Ed: I spent six months in the clinic and couldn’t recommend it enough to anyone considering applying for an internship there. It is a unique place housing some of the best doctors, surgeons, physios and S&C coaches in the county under one roof. From an outside perspective they may seem to have some strange or unconventional methods but everything they do is backed up with research and the benefit of seeing injuries repetitively through large patient numbers. As an example they see around 700 ACL’s a year so you know they are experienced and are using proven results driven methods. My role was as Strength and Conditioning/Rehabilitation Coach. After a patient had completed initial assessments with the physiotherapist I would bring them through strength and power training to address any weakness/movement issues and provide the foundation necessary to prevent future re-occurrence of injury. I have outlined some important realizations I had while there above but really everyday there was a learning opportunity. The big change I would look to make in my coaching after spending time there is in the way athletes move. For instance if we want athletes to maintain a good posture, avoid anterior pelvic tilt, excessive rib flare and/or move through more of a hip/posterior dominant pattern then we have to reinforce these patterns in all our movements not just our deadlifts and squats. Being strict on a deadlift finish position but allowing poor movement in a chin up just defeats the purpose and allows the body to reinforce bad patterns.

Arthur: What does the future hold for Ed Slattery Strength and Conditioning?

Ed: The golden question! My goal for the time being is to just keep progressing and to keep learning. As I said I’ve been very fortunate to work with some great coaches so I want to keep that going and keep improving in my role.  My main focus right now is ensuring the Irish Women are in the best possible position for the Six Nations. Following that I have some ideas for my personal blog ( that I have put on hold for now that will look to combine my work in high performance with S&C for the everyday person. This will be done online and through my Facebook page (Ed Slattery Strength and Conditioning) so keep an eye out for that.

Be sure to check out Ed Slattery’s blog ( for further information about his work.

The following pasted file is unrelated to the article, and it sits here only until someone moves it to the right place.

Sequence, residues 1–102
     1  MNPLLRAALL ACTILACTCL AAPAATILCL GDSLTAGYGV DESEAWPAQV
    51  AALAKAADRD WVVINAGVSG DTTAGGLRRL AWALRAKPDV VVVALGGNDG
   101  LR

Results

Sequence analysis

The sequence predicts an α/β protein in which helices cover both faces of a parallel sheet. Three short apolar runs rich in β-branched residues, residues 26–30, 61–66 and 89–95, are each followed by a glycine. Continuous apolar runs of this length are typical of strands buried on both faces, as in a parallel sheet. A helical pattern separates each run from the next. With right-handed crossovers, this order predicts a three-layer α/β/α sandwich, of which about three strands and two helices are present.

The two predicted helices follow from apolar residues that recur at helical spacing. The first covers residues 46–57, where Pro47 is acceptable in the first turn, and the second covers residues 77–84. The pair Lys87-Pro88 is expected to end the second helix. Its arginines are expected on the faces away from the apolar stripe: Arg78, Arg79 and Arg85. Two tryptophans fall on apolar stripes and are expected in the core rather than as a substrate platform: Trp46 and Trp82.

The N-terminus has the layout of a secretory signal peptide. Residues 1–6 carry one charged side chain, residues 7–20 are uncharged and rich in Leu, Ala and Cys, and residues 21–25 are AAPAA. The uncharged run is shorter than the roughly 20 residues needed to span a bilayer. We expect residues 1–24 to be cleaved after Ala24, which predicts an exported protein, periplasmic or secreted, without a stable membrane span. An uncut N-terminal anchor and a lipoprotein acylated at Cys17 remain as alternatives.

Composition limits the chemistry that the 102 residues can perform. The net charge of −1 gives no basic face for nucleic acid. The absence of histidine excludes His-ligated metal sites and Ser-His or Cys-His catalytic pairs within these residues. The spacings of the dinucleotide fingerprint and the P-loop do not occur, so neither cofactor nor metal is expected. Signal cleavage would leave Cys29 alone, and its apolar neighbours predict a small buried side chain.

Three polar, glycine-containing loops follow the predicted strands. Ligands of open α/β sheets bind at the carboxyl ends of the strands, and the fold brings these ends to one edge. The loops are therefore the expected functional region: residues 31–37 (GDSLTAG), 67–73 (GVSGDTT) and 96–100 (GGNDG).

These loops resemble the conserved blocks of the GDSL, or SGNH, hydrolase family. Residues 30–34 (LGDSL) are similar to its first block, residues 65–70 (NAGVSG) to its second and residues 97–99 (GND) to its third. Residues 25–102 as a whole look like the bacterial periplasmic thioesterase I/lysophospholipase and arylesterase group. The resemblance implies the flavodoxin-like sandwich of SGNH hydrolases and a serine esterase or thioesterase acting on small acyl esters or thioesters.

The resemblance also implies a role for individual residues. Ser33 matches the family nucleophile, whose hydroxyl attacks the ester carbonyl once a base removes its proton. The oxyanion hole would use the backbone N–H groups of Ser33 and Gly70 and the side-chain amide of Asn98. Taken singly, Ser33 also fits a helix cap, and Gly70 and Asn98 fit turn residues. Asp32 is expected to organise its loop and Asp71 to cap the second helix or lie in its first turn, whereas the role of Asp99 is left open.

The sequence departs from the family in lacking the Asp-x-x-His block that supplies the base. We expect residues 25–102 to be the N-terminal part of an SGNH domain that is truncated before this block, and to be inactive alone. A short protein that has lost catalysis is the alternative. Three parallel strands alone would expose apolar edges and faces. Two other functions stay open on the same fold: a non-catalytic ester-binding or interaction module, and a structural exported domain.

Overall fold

You Are The Product of How You Spend Your Time

What Does your Day/Week/Month Make You?

Koalaty line right there! Love that now!

This concept is easy! Each day we have 24 hours, every week we have 7 days and so on and so forth. We are all given the exact same amount of time. Yet we don't prioritize what we do with this time.

I want to take this right down a route where I can explain things best, fitness. I consistently hear, "I want a better body" or "I want to be strong enough to do X". For one minute, I want you to picture someone you admire in the fitness industry. Someone you would aspire to be like. Now think about how long it took that person to get to where they currently stand. Not only how long has it taken them in the sense of months or years but think about every session that person has ever done in the gym to be where they are. They have literally become the product of countless hours spent working towards a bigger picture.

There is nothing outrageously different between you and the person that you thought of earlier. Eric Cressey, a strength coach in the US has an awesome Aristotle quote on his wall

"We are what we repeatedly do. Excellence, therefore, is not an act but a habit"

This is the truth! Train like a bodybuilder for 30 years, guess what, you'll look like a bodybuilder. Train like a powerlifter for 10 years, I know you'll be strong, there's no other outcome! 

I have a task that I want you to try for the next 21 days. These 3 weeks will change how you live if you commit to this task. 

Pick a goal, any goal, body shape or strength. It can even be a life goal like increase sales in your business, move up in the company you work for etc. Now think about being at the finish line, you have your new job, or you've deadlifted 300kg etc... Think about how you got there? How many hours did you spend in the gym over the years? How many crap jobs did you do before you got the promotion? You've essentially now just reverse engineered life and lifting to create your own plan. Now all you have to do is put the time in!

Pick a small goal for these 3 weeks and drop us a line in 3 weeks time at and let us know how you got on.